Teaching and Facilitation

Demonstrate teaching and facilitation skills and strategies in a variety of higher education and community education settings.

In Fall 2013, I participated in collaborative research, writing, and discussion for a variety of group projects in IT 546 (Instructional Technology and Education), which included the recognition of learner needs for “literacy related to security and privacy” (published at Wilder, 2013) in the context of historical and current events (published at Wilder, 2014a) that include a report from the Associated Press on July 18, 2013 that “[t]he tactic of collecting everything was unknown to the public until former NSA contractor Edward Snowden leaked word of it to the public.” (Yost, 2013).

This collaborative group work extended into the development of a presentation for the 2014 Online Northwest Conference (Gossett et al., 2014), and includes a public Zotero folder titled “Digital Security and Awareness” (Gossett, 2013) that began as an IT 546 group assignment. A screenshot of this Zotero folder can be seen at the WWU Center For Instructional Innovation and Assessment (CIIA) website, in the 2013-2014 Innovative Teaching Showcase portfolio by IT 546 Professor Paula Dagnon (2014). I plan to continue adding links and notes to this folder, and I plan to use the phrase “courage and a backup plan” as a starting point for thinking about how to respond to these challenges as an educator (Wilder, 2014b).

One of the challenges in teaching this material is the potential for emotional reactions to the content that may be related to what Weimer (2002) describes as “the loss of certainty that has sustained them and been a refuge in an increasingly complex and confusing world” (p. 152, quoting Kloss, 1994), and may be enhanced by the magnitude of what these recent reports may mean for our current and future democratic system of government. Similarly, the amount of materials available in the “Digital Security and Awareness” Zotero folder (Gossett, 2013) includes a risk of ‘cognitive overload,’ as discussed by Smith (2008, pp. 60, 73-78) and McGinty et al., (2013, pp. 53-54), due to the amount of materials that have been collected, tagged, and cross-referenced in the Zotero folder. I see Zotero folders as capable of serving as an interactive textbook that can allow learners to direct their own research according to their interests through a variety of options, and I look forward to incorporating this tool into my future practice as an educator when it is a relevant support for the student learning experience.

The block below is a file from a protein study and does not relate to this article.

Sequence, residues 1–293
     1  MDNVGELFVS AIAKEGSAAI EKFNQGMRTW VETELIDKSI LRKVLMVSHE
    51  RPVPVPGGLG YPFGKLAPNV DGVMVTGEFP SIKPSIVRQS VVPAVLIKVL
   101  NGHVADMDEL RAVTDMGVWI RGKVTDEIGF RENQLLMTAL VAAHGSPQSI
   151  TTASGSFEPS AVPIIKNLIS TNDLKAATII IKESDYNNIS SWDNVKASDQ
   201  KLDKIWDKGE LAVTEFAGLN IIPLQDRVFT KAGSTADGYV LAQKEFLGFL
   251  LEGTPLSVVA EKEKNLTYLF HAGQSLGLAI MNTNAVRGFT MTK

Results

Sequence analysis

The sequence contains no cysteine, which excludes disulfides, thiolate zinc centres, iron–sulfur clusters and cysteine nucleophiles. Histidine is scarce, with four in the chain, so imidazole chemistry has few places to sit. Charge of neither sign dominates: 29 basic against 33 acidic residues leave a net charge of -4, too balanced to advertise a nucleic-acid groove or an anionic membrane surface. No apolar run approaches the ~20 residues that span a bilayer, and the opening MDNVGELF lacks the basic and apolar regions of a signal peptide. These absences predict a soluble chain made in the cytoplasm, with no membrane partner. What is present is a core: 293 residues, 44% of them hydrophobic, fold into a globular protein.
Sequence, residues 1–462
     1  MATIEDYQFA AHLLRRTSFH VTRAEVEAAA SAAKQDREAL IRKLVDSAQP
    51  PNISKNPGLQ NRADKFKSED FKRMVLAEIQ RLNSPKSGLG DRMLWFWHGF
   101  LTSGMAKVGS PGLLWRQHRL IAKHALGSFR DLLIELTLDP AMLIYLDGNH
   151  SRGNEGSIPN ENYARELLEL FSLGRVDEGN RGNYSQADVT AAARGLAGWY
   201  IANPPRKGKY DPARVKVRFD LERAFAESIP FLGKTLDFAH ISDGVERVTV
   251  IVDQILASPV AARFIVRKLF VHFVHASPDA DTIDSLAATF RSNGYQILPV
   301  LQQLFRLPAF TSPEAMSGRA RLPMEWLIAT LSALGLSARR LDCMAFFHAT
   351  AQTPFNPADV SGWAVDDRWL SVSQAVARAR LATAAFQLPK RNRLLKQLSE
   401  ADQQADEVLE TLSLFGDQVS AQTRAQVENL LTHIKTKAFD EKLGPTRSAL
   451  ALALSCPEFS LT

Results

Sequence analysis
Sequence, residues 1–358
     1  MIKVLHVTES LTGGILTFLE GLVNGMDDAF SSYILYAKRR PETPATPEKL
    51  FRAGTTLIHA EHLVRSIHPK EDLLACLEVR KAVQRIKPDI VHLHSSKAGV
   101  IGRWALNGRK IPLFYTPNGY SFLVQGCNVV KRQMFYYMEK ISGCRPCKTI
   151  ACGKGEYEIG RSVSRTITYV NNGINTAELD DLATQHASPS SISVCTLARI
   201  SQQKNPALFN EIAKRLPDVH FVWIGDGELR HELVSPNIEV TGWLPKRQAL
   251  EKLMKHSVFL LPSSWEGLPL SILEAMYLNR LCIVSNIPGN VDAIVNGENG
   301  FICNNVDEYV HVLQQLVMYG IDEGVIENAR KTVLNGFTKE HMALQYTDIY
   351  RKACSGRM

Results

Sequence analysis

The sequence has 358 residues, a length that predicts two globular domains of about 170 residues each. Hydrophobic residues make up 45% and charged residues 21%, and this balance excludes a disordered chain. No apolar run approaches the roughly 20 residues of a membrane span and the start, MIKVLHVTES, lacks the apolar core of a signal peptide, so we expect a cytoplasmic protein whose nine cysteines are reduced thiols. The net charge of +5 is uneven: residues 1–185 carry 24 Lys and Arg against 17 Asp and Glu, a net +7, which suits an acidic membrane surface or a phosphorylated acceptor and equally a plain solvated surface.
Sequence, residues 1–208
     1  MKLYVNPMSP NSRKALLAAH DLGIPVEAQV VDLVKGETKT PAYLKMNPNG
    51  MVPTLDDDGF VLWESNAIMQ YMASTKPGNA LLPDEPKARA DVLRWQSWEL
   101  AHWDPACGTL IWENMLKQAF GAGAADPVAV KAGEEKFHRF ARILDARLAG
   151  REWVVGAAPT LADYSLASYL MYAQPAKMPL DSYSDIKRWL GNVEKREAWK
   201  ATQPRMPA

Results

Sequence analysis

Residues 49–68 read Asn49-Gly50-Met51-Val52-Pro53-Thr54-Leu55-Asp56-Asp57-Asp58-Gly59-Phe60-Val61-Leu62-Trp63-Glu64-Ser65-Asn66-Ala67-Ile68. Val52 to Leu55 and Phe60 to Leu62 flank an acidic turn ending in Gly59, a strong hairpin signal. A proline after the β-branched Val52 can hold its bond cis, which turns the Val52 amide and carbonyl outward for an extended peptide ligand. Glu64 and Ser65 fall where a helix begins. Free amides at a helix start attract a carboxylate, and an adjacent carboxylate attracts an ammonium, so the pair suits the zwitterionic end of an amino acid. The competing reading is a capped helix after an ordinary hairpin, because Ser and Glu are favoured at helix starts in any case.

Caine & Caine (1994) discuss “active processing” as a way to support the learning experience (p. 113), including because this can slow the pace of the learning experience and offer students “time to allow for new connections to be made” and “”space” for reflection.” (p. 157). Smith (2008) offers guidance that includes checking in with each student to assess comprehension, getting frequent feedback from students about how the course is going (p. 39), choosing the most important topics to focus on (pp. 59-60), as well as ‘chunking,’ ‘repeatability,’ and ‘pauseability,’ (p. 64-73), which all seem to be important potential supports to consider when teaching and facilitating in a variety of higher education environments, and particularly for complex subject matter. For this particular subject matter, on-ground classroom time may be an important support for reflective discussion about the course concepts and the online components of the course assignments and materials.

 

References:

Caine, R.N. & Caine, G. (1994). Making Connections: Teaching and the Human Brain. Menlo Park, California: Addison-Wesley

Dagnon, P. (2014, June). CIIA: Innovative Teaching Showcase: Paula Dagnon – Portfolio. Western Washington University Center for Instructional Innovation and Assessment. Retrieved June 7, 2014, from http://pandora.cii.wwu.edu/showcase2013/dagnon/default.asp

Gossett, G. (2013). Digital Security and Awareness. Zotero. Retrieved from https://www.zotero.org/groups/225433

Gossett, G., Wilder, R., & Davidson, B. (2014, March 5). Information Literacy, Privacy, & Risk: What Are the Implications of Mass Surveillance for Libraries? — Online Northwest. Online presented at the 2014 Online Northwest Conference. Retrieved from http://onlinenorthwest.org/about/blog/2014/3/4/information-literacy-privacy-risk-what-are-the-implications-of-mass-surveillance-for-libraries

McGinty, J., Radin, J., & Kaminski, K. (Spring 2013). Brain-Friendly Teaching Supports Learning Transfer. New Directions For Adult and Continuing Education, 137: 49-60

Smith, R.M. (2008). Conquering the Content: A Step-by-Step Guide to Online Course Design. San Francisco: Jossey-Bass.

Weimer, M. (2002). Responding to Resistance. Learner-Centered Teaching: Five Key Changes to Practice. San Francisco: Jossey-Bass.

Wilder, R. (December 2013). A Philosophy of Technology. Learning Document. Retrieved from: https://learningdocument.wordpress.com/2013/12/06/a-philosophy-of-technology/

Wilder, R. (2014a). The Epoch of Incredulity. Learning Document. Retrieved from: https://learningdocument.wordpress.com/2014/01/12/the-epoch-of-incredulity/

Wilder, R. (2014b). Courage and a Back Up Plan. Learning Document. Retrieved from: https://learningdocument.wordpress.com/2014/03/02/courage-and-a-back-up-plan/

Yost, P. (2013, July 18). Hostile Hill territory on NSA surveillance issue. Yahoo News. Retrieved from http://news.yahoo.com/hostile-hill-territory-nsa-surveillance-issue-061859478.html

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